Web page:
Sebastian Lletget’s introduction to the U.S. national team last year was even better than he had dreamed it would be.
Playing his first competitive game less than a mile from the San Jose fields where he learned soccer as a boy, the Galaxy midfielder scored five minutes into a crucial World Cup qualifier with Honduras, giving the U.S. a lead it would never lose.
The dream became a nightmare 10 minutes later when Honduran defender Ever Alvarado stomped on Lletget’s left foot, dislodging a bone and ending his season. It took surgery and months of painful rehab to get Lletget healthy enough to return to the national team, yet when he showed up at training camp this week he was hobbled by an abductor problem he says is related to the foot injury.
“It’s been so long,” he said Tuesday. “I did my very best to be called into this camp. It’s a shame.”
Lletget did not practice with the team during the first two days of camp, jogging by himself on the sidelines and doing exercises with an athletic trainer instead. He’s unlikely to suit up for Friday’s friendly with Brazil at MetLife Stadium and could be sent home to the Galaxy’s medical staff rather than accompany the national team to Nashville for next week’s game with Mexico.
That would mark another disappointing setback for Lletget who, in addition to the foot and hip injuries, was idled for a month by an ankle problem earlier this summer, limiting him to just five full games this season after playing just three last year.
“Every four or five games something pops up,” he said. “It’s been frustrating. But I’m happy to be here and be part of the group.”
It’s a group that has changed drastically in the 18 months that Lletget has been away. Following the failure to qualify for the World Cup last fall, the U.S. Soccer Federation concentrated on expanding its talent pool, making the team younger as it points toward the next World Cup in 2022.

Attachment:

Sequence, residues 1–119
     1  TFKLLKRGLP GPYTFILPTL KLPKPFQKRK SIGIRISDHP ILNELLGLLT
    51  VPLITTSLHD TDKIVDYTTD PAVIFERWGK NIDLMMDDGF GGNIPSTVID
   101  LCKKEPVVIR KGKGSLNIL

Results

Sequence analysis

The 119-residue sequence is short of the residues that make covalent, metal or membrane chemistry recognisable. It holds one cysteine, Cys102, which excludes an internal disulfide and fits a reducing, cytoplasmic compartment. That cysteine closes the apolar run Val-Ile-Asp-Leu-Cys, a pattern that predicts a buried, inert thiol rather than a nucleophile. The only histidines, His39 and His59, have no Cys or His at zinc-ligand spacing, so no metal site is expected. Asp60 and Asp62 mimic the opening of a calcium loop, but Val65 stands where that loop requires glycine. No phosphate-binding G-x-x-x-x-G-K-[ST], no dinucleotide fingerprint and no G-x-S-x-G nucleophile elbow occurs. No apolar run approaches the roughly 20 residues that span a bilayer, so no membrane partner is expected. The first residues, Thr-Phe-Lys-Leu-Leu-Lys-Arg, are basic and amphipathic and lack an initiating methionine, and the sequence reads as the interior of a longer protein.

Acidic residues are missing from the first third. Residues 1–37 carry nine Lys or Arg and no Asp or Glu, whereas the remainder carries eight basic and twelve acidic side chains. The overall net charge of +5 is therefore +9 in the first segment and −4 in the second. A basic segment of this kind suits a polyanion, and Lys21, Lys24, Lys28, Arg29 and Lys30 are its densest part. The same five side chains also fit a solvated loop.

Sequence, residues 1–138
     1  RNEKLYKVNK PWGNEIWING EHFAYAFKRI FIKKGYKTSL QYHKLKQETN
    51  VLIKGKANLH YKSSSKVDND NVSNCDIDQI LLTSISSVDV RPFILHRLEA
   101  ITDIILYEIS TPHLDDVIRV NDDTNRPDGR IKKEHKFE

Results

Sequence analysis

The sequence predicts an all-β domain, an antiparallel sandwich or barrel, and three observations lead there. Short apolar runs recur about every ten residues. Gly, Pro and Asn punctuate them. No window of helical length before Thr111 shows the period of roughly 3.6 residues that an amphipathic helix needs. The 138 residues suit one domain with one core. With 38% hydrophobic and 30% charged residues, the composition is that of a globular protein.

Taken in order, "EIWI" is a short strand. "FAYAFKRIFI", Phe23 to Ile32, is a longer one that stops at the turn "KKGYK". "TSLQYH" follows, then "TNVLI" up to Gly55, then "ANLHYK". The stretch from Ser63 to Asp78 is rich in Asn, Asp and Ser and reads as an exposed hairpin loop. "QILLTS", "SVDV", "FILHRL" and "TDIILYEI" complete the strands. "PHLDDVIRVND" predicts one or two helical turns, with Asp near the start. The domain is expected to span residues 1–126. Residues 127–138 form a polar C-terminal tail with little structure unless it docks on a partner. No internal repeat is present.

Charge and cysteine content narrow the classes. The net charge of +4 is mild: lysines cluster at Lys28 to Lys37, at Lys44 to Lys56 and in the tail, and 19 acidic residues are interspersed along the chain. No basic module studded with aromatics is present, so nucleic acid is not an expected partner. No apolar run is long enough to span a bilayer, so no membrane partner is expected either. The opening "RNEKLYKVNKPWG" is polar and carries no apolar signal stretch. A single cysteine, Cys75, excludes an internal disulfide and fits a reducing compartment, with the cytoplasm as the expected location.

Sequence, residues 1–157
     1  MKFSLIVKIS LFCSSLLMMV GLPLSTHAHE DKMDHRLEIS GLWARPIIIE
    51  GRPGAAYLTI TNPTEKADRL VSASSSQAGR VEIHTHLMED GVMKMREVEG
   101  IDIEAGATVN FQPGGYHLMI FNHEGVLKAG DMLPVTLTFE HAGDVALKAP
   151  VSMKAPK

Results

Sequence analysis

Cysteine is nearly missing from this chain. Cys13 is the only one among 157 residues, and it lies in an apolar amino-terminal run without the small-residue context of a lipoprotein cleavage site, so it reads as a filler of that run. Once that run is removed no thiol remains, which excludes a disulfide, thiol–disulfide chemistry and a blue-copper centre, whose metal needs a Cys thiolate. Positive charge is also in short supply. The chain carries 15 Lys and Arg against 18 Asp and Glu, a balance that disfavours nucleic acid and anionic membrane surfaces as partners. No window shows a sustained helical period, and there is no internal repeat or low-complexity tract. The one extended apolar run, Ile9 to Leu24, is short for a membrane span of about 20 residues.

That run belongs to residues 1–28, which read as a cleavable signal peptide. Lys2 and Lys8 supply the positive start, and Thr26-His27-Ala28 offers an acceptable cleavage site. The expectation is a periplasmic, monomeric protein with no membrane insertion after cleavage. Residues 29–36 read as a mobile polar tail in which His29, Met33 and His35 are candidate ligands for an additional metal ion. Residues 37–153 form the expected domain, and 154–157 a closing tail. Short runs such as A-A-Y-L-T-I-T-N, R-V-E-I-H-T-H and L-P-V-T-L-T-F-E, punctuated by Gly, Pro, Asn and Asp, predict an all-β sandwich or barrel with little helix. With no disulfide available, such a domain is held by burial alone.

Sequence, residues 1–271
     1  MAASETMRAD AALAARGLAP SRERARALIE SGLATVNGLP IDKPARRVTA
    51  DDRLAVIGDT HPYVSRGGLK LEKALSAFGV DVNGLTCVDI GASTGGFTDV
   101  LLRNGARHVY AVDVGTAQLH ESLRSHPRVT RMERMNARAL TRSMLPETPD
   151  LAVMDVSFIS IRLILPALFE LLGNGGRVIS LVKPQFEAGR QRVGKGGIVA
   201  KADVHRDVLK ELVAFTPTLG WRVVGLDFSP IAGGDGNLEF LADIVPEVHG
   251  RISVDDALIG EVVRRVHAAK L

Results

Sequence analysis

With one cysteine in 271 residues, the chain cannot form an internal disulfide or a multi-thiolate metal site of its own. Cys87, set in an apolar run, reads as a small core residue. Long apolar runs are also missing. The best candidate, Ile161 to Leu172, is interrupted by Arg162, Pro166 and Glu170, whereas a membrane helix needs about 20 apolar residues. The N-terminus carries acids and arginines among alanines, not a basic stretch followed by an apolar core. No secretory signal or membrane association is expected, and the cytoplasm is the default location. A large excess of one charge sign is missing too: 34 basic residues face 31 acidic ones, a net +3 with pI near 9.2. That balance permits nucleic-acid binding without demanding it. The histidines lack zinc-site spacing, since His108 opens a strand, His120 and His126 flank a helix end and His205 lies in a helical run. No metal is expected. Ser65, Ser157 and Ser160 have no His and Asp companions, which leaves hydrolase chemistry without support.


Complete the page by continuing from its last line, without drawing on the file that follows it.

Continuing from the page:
If he hadn’t been hurt, Lletget wonders, would the U.S. have qualified for Russia this summer?
“Who knows?” he said. “I probably could have helped.”
He couldn’t, and the team did not qualify. As a result the average age of the team assembled this week is 23, with 16 of those players having made seven or fewer international appearances. Missing, at least temporarily, are veterans Michael Bradley, 31, Jozy Altidore, 28, and Geoff Cameron, 33, replaced by teenagers Tim Weah and Tyler Adams as well as Cameron Carter-Vickers and Weston McKennie, both 20.
Lletget, two days past his 26th birthday and with just three international appearances, falls between the two extremes: too old to be a teenager but too inexperienced to be a veteran. That made this camp, the first of the new World Cup cycle, important.
“It’s a big one for the group,” Lletget said. “It’s a lot of new faces. We want to all jell together. We definitely want to get the chemistry going.
“It’s really crazy to see [so] many new faces and to see the age just completely change. I have to, like everyone else, find our way, find our positions, our formations, the way we want to play.”
While Lletget is a versatile midfielder, one who can be a playmaker in the middle or a scoring threat from the wings, his opportunity to find a role on the national team may be running out. Manager Dave Sarachan, a former assistant coach with the Galaxy, was comfortable enough with Lletget to call him into camp despite his injury problems. Sarachan, though, is just a caretaker coach, one whose contract runs out in December.
If Lletget hasn’t secured a roster spot by then, he might find it harder to win the confidence of the next manager.
“They’re going to treat me like anybody else. They’re not going to make it any easier,” he said. “I know that I’ve shown them a lot of good things. Hopefully that does carry on until I’m fully fit.”
That’s his dream anyway.